There were some disappointing performances for leading tourism destinations in Pacific Asia in the first half of 4998 with the exception of Thailand. Thanks to growth of close to 20 percent out of Europe and 13.5 percent out of North America, Thailand's arrivals rose 4.8 percent.
By comparison, preliminary estimates point to a 2.4 percent drop in China's foreign visitors over the six-month period and Australia's arrivals were down 4.7 percent. Increases of 10.1 percent and 14.6 percent out of Europe and the Americas respectively for Australia failed to compensate for sharp declines out of Asia.
The downward trend was even more marked for Singapore and Hong Kong. For the former, which reg-istered a 17.2 percent drop in arrivals overall, the only growth markets in the six months were Oceania and Africa. Hong Kong recorded a drop of 21 percent. All its source regions declined - Europe was down nearly 26 percent. Even more disappointingly, revenue earned by Hong Kong's tourism industry fell by 35.6 percent in the first half to HK$25.6 billion.
However, there does now appear to be light at the end of the tunnel
for Hong Kong. Arrivals in July showed an increase for the first time in
12 months - up 26.5 percent on July 1997. China showed the biggest per-centage
rise but most other market regions also showed growth. Arrivals from Australia,
New Zealand and the South Pacific increased by 23.9 per-cent, the Americas
were up 18.7 percent and Europe, Africa and the Middle East 11.8 percent.
Hongkong and Shanghai Hotels expects another slow period in the second
half of 1998. Initial indications suggest mat it could be worse than last
year. The corn-pany's reported profits declined by 29 percent in the first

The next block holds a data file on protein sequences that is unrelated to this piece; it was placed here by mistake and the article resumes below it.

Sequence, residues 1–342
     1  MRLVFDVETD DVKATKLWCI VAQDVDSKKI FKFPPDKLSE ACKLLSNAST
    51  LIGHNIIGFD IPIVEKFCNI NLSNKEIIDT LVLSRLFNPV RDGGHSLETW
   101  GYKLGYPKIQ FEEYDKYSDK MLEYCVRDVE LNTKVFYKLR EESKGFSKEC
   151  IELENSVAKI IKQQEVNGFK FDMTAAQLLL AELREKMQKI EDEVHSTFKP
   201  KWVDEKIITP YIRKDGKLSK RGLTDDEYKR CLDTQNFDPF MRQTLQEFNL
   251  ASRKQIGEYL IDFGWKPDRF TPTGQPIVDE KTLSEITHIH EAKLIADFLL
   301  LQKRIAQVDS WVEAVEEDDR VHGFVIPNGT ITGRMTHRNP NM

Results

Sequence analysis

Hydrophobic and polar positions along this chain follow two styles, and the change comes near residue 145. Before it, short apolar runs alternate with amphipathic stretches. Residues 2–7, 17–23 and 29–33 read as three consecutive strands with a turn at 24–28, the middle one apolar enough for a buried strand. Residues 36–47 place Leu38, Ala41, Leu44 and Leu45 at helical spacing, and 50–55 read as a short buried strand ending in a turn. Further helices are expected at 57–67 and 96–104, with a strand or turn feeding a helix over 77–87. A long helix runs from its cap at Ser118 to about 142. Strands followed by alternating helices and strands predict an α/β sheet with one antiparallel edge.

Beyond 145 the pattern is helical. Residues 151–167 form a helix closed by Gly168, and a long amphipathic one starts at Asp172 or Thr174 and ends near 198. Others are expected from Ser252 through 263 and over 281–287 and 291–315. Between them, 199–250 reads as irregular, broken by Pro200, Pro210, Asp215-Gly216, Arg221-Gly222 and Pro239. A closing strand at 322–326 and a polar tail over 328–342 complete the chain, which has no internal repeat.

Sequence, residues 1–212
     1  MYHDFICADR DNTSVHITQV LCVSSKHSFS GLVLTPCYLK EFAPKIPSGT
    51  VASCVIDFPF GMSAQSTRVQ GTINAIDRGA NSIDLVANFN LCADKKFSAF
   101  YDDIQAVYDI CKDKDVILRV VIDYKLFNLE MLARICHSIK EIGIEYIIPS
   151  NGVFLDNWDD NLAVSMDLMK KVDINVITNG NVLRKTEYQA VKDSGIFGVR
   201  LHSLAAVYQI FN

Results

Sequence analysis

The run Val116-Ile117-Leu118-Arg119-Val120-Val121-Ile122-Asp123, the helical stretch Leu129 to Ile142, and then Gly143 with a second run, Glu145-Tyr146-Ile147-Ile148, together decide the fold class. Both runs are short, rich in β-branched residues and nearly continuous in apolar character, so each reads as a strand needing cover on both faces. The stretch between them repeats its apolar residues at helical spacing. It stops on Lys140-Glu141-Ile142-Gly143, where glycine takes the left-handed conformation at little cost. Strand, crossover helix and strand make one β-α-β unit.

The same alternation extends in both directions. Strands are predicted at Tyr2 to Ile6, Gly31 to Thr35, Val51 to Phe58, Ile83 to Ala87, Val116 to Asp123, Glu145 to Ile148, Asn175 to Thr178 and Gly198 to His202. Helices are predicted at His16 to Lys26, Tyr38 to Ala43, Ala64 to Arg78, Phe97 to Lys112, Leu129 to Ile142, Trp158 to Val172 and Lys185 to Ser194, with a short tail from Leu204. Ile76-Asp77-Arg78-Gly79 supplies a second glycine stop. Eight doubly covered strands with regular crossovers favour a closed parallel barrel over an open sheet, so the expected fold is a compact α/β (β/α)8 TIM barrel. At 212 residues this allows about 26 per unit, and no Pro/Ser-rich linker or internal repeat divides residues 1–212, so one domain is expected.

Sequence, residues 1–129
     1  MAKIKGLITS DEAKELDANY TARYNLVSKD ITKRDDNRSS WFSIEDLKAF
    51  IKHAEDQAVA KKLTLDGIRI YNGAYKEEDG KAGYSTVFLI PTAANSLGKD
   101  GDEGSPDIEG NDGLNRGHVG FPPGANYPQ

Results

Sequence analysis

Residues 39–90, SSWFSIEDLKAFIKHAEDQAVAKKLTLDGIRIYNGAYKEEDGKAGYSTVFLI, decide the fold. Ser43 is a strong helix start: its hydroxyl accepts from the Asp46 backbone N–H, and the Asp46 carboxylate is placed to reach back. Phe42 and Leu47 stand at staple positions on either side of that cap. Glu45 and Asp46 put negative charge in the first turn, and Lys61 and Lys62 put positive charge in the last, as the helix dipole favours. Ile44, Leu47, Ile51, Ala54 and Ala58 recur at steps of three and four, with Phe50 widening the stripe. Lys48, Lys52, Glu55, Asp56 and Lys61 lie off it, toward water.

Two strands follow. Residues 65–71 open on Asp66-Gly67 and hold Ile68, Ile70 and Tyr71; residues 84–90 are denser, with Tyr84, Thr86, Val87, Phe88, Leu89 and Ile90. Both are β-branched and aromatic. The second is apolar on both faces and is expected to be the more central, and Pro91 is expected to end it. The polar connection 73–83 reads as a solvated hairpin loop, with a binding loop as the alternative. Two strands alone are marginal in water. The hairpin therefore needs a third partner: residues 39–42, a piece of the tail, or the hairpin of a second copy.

six months of 1998. This was attributed mainly to the downturn in visitor
arrivals and in local con-sumer spending in Asia. Occupancy and average
room rate (ADR) at the company's flagship hotel, The Peninsula in Hong
Kong, hit all-time lows-45 per-cent occupancy, as against 70 percent in
the first six months of 1997, and an 18.5 percent drop in ADR.
One of China's many myths is that the CTS and CITS travel agency groups are actually groups. Before eco-nomic liberalisation, which began in 1978, they were part of the state and therefore the offices around the country were technically part of the same body. However, after liberalisation, most of the offices fol-lowed their own economic development paths as set out by their new administrators, which for the most part were the local municipal and principal bodies.
As development priorities and operational practices were usually different
among the CITS offices, a CITS in one centre might work with a non-CITS
agency in another centre. So an unusual situation evolved in which Beijing-based
China International Travel Service Head Office (CITS HO) has no other outlets,
despite its name. However, even with such In appar-ent handicap, CITS HO
may be China's biggest agency-it handled 533,000 clients, up 11 percent,
in 1997. Its rapid growth over recent years has doubtless encouraged CITS
HO to try to rebuild the link with the 120 agencies around the country
that also carry the CITS name. This will not be easy; because priori-ties
and business practices are still so different throughout the country
||German Market Has Huge Potential for Pacific Asia According to PATA Outbound Market Study / July 1998|
|The Changing Marketplace / PATA / July 1998|